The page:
Jean (Hans) Arp, born in Alsace, is associated with several art movements of the twentieth century. In 1911 he was influenced by the abstractions of Wassily Kandinsky (1866-1944) and participated in his Der Blaue Reiter exhibitions in Munich; later Cubism greatly impressed him. Then he was interested by the idea of spontaneous creativity of the human subconscious mind and this idea became dominant in his art. He created collages with torn paper, letting the pieces fall freely on a surface and then gluing them to the places where they fell down. (Before my Birth.) He also tried automatism (involuntary or unconscious action) in writing his poems.
1933. Stone. 22x31 7/8 x 21 1/4". Kunsthaus, Zurich, Switzerland.
1935. Cast Stone. 49.5 x 47.6 x 64.7 cm. The Museum of Modern Arts, New York, NY, USA.
c.1962. Scottish National Gallery of Modern Art, Edinburgh, UK.
1937. Bronze. 37 x 20 x 21 cm. Le Musée d'Art Moderne de Saint-Étienne, France.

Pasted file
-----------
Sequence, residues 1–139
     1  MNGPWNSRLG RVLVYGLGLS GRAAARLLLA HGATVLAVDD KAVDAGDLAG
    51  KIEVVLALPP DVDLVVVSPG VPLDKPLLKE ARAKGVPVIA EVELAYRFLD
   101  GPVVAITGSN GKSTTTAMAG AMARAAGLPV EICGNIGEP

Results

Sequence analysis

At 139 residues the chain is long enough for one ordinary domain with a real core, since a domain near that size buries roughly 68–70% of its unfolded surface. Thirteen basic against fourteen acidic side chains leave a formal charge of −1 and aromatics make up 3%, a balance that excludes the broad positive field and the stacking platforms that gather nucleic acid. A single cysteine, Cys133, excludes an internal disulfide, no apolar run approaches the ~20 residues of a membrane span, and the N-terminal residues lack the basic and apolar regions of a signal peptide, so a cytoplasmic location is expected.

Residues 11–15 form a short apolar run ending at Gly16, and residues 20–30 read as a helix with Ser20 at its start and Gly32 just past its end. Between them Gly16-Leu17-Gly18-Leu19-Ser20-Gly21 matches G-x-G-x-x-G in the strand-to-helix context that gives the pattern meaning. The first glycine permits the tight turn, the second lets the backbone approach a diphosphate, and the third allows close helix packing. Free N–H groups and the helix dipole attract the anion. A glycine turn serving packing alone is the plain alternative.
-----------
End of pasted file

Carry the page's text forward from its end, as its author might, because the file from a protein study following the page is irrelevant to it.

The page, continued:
1914. Collage. 4 3/8 x 3 5/8". Private collection.
Arp by Serge Fauchereau, Rizzoli. 1988
Jean Arp at the Metropolitan Museum of Art by Henry Gelzaher. Metropolitan Museum of Art. 1972
Hans Arp: the Poet of Dadaism by Rex William Last.
Hans Arp 1886-1966 by Hancock (Author), Stephanie Poley (Author) Publisher: Cambridge University Press; (September 1987)
The Early Sculpture of Jean Arp (Studies in the Fine Arts: the Avant Grade, No 65) by Margherita Andreotti. Umi Research Pr, 1989.
Arp by Serge Fauchereau. St Martins Pr, 1988.
German Dadaist literature: Kurt Schwitters, Hugo Ball, Hans Arp, (Twayne's world authors series, TWAS 272. German literature) by Rex William Last. Twayne Publishers, 1973.
Arp (Museum of Modern Art Publications in Reprint) by Museum of Modern Art, James T. Soby, Jean Hans Arp, Richard Huelsenbeck, Robert Melville. Ayer Company Publishers, 1986.